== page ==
But the real power of the book comes from what these ideas mean for us right now.  If you hold to the "traditional" view (i.e., the Western view of the last 700 or so years, or you might say the "Dante" view), the whole game with salvation is getting to heaven so you can be free of this world.  There is an implicit gnosticism in the Dante model, as the material world is something that doesn't really matter in the end.  In its extreme forms, you get the view of some Evangelicals of the Left Behind-books school that it doesn't matter if we do bad things to the environment because God is going to blow it all up anyway.  You also get the view that "getting to heaven" is far more important than worrying about problems here on Earth--you may be suffering from hunger or disease or oppression, but who cares about that if you are going to heaven?

Wright's model blows this anti-materialism out of the water.  The physical world is indeed good, and God is going to make it better, and you are going to be a part of it.  While the Second Coming and the transformation of the world will ultimately be God's doing and not the work of man, the obvious conclusion is that dumping tons of toxic crap into the water, for example, is not helping the cause and would likely be frowned upon by God.  Similarly, the work of feeding the hungry and fighting against injustice is, in a small way, contributing to the project of renewing the world.  We are put here to play our part, however small, in God's project, and when the time comes for that project to be finally fulfilled, we hope that we will be there to meet Him when he comes.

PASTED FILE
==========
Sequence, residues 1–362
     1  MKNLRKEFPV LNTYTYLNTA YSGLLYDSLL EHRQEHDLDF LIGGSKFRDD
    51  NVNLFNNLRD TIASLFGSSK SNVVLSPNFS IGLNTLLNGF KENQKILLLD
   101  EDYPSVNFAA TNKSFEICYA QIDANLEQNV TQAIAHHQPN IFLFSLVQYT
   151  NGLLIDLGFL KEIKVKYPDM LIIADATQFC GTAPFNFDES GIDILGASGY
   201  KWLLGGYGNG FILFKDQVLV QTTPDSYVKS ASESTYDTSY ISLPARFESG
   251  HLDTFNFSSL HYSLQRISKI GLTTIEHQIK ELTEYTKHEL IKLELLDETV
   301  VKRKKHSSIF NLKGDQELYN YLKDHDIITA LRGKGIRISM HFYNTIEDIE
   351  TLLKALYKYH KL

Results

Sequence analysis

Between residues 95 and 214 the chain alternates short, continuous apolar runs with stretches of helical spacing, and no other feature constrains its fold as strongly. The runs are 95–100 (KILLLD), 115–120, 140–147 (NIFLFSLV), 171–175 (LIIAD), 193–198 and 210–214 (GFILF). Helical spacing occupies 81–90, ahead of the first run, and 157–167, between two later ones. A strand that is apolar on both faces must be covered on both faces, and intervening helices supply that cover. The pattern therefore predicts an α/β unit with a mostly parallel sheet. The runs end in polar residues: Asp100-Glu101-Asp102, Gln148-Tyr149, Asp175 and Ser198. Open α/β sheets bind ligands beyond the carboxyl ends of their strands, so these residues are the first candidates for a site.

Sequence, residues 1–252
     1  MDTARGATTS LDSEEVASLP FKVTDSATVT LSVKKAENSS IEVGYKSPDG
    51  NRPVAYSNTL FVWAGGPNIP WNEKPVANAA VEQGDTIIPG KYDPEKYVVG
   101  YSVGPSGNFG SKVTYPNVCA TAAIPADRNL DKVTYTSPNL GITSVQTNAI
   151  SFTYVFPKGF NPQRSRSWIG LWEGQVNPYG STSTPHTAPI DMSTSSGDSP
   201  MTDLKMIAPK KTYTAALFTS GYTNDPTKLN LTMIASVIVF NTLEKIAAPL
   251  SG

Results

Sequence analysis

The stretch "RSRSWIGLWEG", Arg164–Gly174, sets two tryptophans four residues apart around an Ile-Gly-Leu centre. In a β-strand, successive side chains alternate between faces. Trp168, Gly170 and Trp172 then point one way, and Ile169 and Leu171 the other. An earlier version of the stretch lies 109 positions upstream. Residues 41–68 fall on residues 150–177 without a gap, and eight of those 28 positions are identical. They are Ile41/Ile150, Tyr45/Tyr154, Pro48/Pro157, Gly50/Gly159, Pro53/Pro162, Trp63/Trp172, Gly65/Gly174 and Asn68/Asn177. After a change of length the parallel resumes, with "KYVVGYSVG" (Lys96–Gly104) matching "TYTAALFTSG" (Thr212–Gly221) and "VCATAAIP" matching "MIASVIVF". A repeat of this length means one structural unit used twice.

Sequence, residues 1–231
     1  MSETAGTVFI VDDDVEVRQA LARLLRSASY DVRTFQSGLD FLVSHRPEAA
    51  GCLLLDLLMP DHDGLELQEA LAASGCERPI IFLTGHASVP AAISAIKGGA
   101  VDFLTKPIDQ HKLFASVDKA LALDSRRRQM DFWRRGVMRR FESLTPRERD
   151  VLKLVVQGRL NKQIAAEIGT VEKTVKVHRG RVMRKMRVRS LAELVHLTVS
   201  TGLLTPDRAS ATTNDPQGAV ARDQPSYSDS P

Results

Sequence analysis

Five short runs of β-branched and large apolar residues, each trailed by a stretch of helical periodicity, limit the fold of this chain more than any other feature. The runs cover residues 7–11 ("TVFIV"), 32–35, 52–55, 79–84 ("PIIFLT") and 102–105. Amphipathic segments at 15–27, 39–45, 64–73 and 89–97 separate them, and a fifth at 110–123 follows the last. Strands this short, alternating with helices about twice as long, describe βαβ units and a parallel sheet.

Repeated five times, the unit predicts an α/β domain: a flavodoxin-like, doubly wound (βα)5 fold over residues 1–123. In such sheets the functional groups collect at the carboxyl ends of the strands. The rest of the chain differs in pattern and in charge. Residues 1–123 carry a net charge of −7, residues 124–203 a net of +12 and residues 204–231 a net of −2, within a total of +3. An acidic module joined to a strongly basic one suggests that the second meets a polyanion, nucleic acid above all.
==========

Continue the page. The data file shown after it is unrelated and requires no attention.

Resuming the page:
I found this book in the library about nine months ago, and I finished it during the course of two long plane rides.  Surprised by Hope completely changed my perspective on what Christian is, and can be, about.  It was like a set of pieces fell into place, but they were pieces that I never realized were out of alignment.  It just felt right.  Surprised by Hope solved a problem I never realized I had.  The vision, which I believe to be the original Christian vision, portrayed in the book is more inspiring, more consoling, more motivating that the old Dante idea.

Surprised by Hope has really invigorated my faith.  It's different, and requires a bit of a perspective shift, but it has been very good for me.  Sometimes you need to get your world-view shaken up.  Sometimes you need a bit of a change to create the space to grow.